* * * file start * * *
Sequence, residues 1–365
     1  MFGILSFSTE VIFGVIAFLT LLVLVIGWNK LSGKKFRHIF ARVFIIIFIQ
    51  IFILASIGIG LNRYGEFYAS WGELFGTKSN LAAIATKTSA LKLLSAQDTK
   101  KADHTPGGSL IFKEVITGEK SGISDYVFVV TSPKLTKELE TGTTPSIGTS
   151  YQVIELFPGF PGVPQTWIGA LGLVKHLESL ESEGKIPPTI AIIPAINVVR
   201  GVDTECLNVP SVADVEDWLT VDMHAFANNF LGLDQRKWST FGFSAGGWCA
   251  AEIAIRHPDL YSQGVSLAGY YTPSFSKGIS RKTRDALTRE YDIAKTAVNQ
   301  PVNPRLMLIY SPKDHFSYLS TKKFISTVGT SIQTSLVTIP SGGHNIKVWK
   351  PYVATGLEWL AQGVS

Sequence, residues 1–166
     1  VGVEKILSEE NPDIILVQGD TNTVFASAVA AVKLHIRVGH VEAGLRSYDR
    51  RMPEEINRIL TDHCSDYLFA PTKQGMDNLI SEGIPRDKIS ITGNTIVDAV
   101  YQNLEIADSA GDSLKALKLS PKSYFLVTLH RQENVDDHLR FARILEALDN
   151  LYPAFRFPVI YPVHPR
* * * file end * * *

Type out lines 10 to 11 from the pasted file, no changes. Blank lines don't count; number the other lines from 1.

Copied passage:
Sequence, residues 1–166
     1  VGVEKILSEE NPDIILVQGD TNTVFASAVA AVKLHIRVGH VEAGLRSYDR